Digitizing electronics for the EMI multi-wire proportional chambers. Page: 2 of 19
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DIGITIZING ELECTRONICS FOR THE EMI MULTI-WIRE
E. Binnall, F. Kirsten, K. Lee, C. Nunnally
Lawrence Berkeley Laboratory
University of California
A complete system of electronics for digitizing
pulses from a large array of multi-wire proportional
counters is described. The system is based on the
method of coupling the chamber pulses onto delay
lines developed by Perez-Mendez. All three wire
planes of each chamber are digitized, giving position-
al information for each avalanche in the chamber on
three coordinates, x, y and a redundant coordinate.
The system will be used with an array of 30
chambers each one meter square, which will serve as
an External Mon Identifier (EMI) for the 15-foot
diameter bubble chamber in the neutrino beam line at
NAL. Up to 16 events can be digitized in a 60 ps
A 15-foot diameter bubble chamber is being
built for the neutrino beam line at the National
Accelerator Center. Under a plan proposed by
Stevenson and Peterson,5 the bubble chamber will be
augmented by a layer of Multi-wire :roportional
Chambers (MWPC) surrounding a portion of the bubble
chamber periphery. The purpose of this layer is to
permit identification, external to the bubble chamber,
of muons involved in bubble chamber events. The
system of MWPCs is therefore referred to as an External
Muon Identifier (EMI).
Thi initial phase of this plan will have 30
square meters of MWPC, consisting of 30 individual
chambers each one meter on a side.2 Each chamber
will have 3 coordinate axes digitized--X, Y and U.
U is a redundant plane whose coordinate axis is
rotated 45' with respect to X. The location of a
charged particle passing through a chamber will be
digitized to a resolution of +5 m on each coordinate
axis. During a 60 us beam spTil, an average of 5
events is expected in each chamber.
The MWPC readout is based on the electromagnetic
delay lines developed by Perez-Mendez.3 For this
application, delay line digitization has some attract-
ive features compared to other digitizing means, such
as the logic channel-per-wire.4 First, it tends to
reduce the cost of electronics, since only seven
channels of electronics are necessary to digitize all
three coordinates of a chamber. Each channel is
reasonably inexpensive, in this case partly because
of the relaxed resolution requirements. Amplifier-
per-wire logic usually is attached only to one plane
of a chamber. In contrast, delay lines can be coupled
to all three planes, hence the number of chambers
required and the chamber cost is reduced.
*This work was done under the auspices of the U.S.
Atomic Energy Comnission.
Relationship of Electronics to the Chambers
Figure 1 shows a schematic view of a chamber and
its three delay lines, one each for X, Y and U coordin-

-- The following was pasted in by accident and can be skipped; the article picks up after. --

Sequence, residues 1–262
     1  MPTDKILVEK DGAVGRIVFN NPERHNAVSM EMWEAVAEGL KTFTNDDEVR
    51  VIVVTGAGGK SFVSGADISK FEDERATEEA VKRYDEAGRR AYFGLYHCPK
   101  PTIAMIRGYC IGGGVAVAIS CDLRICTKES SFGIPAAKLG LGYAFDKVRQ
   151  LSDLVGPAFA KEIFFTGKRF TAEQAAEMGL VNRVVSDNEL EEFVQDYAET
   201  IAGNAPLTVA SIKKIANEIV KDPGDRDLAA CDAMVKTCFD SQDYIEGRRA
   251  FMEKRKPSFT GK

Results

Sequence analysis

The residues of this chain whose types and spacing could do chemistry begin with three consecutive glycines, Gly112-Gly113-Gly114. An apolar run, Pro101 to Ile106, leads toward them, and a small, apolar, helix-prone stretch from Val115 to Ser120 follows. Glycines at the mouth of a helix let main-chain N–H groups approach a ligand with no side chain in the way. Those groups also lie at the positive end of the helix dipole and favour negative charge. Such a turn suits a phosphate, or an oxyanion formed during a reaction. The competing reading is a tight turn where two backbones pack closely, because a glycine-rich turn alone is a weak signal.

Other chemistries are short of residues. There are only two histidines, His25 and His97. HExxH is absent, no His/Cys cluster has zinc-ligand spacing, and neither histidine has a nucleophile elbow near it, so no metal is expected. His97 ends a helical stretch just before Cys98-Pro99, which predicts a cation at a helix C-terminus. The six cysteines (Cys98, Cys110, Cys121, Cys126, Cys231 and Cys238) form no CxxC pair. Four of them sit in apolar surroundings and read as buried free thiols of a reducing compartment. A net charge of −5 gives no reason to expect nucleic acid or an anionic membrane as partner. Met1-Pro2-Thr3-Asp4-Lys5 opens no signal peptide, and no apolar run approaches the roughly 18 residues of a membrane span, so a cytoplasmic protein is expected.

ates. The wires of the three planes are extended a
sufficient distance to establish a capacitive coupling
of each wire onto the delay line. An event (avalanche)
on a particular wire results in a voltage pulse Deing
introduced onto the delay line at that point. The
pulse then propagates to the ends of the delay line
at a velocity of the order of 0.2m/ns. Seven
digitizer channels are used with each MWPC: one on
each end of the three delay lines, plus one to record
the "prompt" (undelayed) times of the chamber events.
Each digitizer channel records the time at which it
receives each of up to 16 pulses during a beam burst.
Since there are 30 MWPCs, a total of 210 digitizer
channels is used. At the end of a beam burst, they
deliver all the data they have collected (up to
16x210-3360 words) during the burst.
A suitably designed computer program can analyze
the collected deta from each chamber to determine the
location and time of occurrence of each event within
that chamber. The Appendix gives some details of the
Components of the Digitizer Chain
The pulses at the delay-line outputs generally
have amplitudes of a few millivolts and rise-times of
the order of 100 ns. The delay lines have character-
istic impedances of about 1000 ohms. The preamplifier
is mounted physically adjacent to the delay line, and
amplifies the signals before they are transmitted from
the chambers to the discriminators on 50-ohm coaxial
cable. The discriminators develop timing pulses whose
leading edges are an accurate measure of the time-of-
arrival of the delay line pulse. The timing pulses
are delivered to the digitizers. They develop and
store binary numbers whose magnitudes are related to
The spatial resolution of the digitizing channels
depends on how well the times-of-arrival of the pulses
can be measured. This in turn is strongly dependent
on the signal/noise ratio at the timing discriminator.
The relationship is approximately:
where T3 - timing error (jitter) introduced by
the presence of the noise, seconds;
En " noise superimposed on the signal,
S - the slope of the signal waveform,
UIUIBTI OF lTftS DIICIUtiNT IS UNtUMITES
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Binnall, E.; Kirsten, F.; Lee, K. & Nunnally, C. Digitizing electronics for the EMI multi-wire proportional chambers., report, January 1, 1972; Berkeley, California. (digital.library.unt.edu/ark:/67531/metadc1033692/m1/2/: accessed September 19, 2018), University of North Texas Libraries, Digital Library, digital.library.unt.edu; crediting UNT Libraries Government Documents Department.